Posted by : Irvin Jackson
Tens of thousands of Johnson & Johnson Baby Powder lawsuits filed by women diagnosed with ovarian cancer following the use of talcum powder will now be able to move forward through the civil court system.
For the second time this year, a federal court has dismissed the bankruptcy filing of a Johnson & Johnson subsidiary, which was created solely for the purpose of forcing plaintiffs to accept Baby Power cancer settlements that would only pay a small portion of the damages a jury may award at trial.
Over the last several years, Johnson & Johnson has faced tens of thousands of Johnson’s Baby Powder lawsuits and Shower-to-Shower lawsuits, each involving similar allegations that asbestos particles in the talcum powder products caused users to develop ovarian cancer, mesothelioma, and other injuries.
Following a series of massive jury verdicts returned in early trials, the company attempted to pursue aÂ controversial bankruptcy schemeÂ last year, by transferring all liability it faced in the litigation to a newly created subsidiary, LTL Management, LLC, which then immediately filed for bankruptcy.
The Third Circuit Court of Appeals rejected that bankruptcy filing in March 2023, finding that Johnson & Johnson has sufficient assets to cover the liability faced by its newly created subsidiary. However, Johnson & Johnson then immediately initiated a second bankruptcy filing as part of a proposed $8.9 billion Baby Powder cancer settlement fund, which would require all current and future claims to be pursued through the U.S. bankruptcy system.
Federal Judge Rejects Second J&J Baby Powder Bankruptcy Filing
In a memorandum opinion (PDF), U.S. Bankruptcy Judge Michael B. Kaplan rejected the second filing, and dismissed the bankruptcy proceeding once again, indicating that it was “filed in bad faith.”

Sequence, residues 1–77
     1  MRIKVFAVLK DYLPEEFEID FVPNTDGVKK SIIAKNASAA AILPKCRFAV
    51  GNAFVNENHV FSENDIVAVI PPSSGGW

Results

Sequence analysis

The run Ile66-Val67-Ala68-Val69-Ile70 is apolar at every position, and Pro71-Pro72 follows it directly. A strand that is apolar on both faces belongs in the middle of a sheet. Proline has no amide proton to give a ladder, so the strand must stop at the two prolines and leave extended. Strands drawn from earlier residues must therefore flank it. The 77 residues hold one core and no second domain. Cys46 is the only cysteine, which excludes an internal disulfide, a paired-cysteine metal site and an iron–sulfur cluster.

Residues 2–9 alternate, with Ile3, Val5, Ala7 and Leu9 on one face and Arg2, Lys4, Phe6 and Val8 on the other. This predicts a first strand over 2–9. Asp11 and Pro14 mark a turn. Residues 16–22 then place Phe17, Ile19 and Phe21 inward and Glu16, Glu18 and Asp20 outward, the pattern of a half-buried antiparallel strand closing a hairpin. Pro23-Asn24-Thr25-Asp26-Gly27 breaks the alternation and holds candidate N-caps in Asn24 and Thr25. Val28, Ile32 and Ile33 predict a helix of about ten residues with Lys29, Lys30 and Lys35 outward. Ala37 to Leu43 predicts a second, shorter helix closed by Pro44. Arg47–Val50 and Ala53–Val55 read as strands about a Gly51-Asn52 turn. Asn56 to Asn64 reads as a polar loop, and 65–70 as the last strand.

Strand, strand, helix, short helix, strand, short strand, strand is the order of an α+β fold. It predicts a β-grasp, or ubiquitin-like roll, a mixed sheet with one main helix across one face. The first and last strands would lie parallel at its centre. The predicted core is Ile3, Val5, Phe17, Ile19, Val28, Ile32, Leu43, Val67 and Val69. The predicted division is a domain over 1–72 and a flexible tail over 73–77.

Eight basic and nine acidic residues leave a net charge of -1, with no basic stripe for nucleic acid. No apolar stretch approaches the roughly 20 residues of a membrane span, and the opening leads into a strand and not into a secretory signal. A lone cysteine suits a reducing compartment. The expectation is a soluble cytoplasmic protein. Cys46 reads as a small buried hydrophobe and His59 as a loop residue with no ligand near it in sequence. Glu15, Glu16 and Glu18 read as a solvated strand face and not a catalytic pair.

Judge Kaplan determined that the wholly-owned Johnson & Johnson subsidiary LTL Management still does not face any imminent or immediate financial distress, and failed to meet the criteria set forth by the Third Circuit’s previous ruling since Johnson & Johnson has enough financial resources to fairly resolve the litigation without restricting compensation to plaintiffs through a bankruptcy filing.
“The Third Circuit mandated that [LTL Management’s] financial distress must be ‘immediate’, ‘imminent’ and ‘apparent’; the Circuit further advanced that ‘an attenuated possibility of standing alone’ regarding a bankruptcy filing does not establish good faith,” wrote Judge Kaplan in the order. “One can view the Third Circuit’s ruling as being somewhat at odds with a proactive approach to trouble. When one smells smoke, the wise course of action is to get out of the house and call for help. However, as it stands now, in gauging financial distress, observing smoke may not be enough – one must see flames.”
While Judge Kaplan outlined the substantial jury verdicts that have been returned in cases that have reached trial, he determined that any notion of current financial distress for LTL Management is eliminated by the “funding backstop” contractually provided by Johnson & Johnson, which has significant cash holdings, anticipated annual dividends and equity interests that have a value approaching $30 billion.
“In sum, this Court smells smoke, but does not see the fire,” Judge Kaplan concluded, in deciding to dismiss the latest bankruptcy filing. However, the Court urged the parties to continue to work on reaching a global Baby Powder cancer settlement that may resolve cases outside of the bankruptcy system, which would likely be one of the largest settlements of personal injury claims in U.S. history.
Johnson & Johnson has already pledged to appeal the decision in a press release issued on the same day as Judge Kaplan’s ruling, which may further delay the resolution to the long-running litigation yet again.
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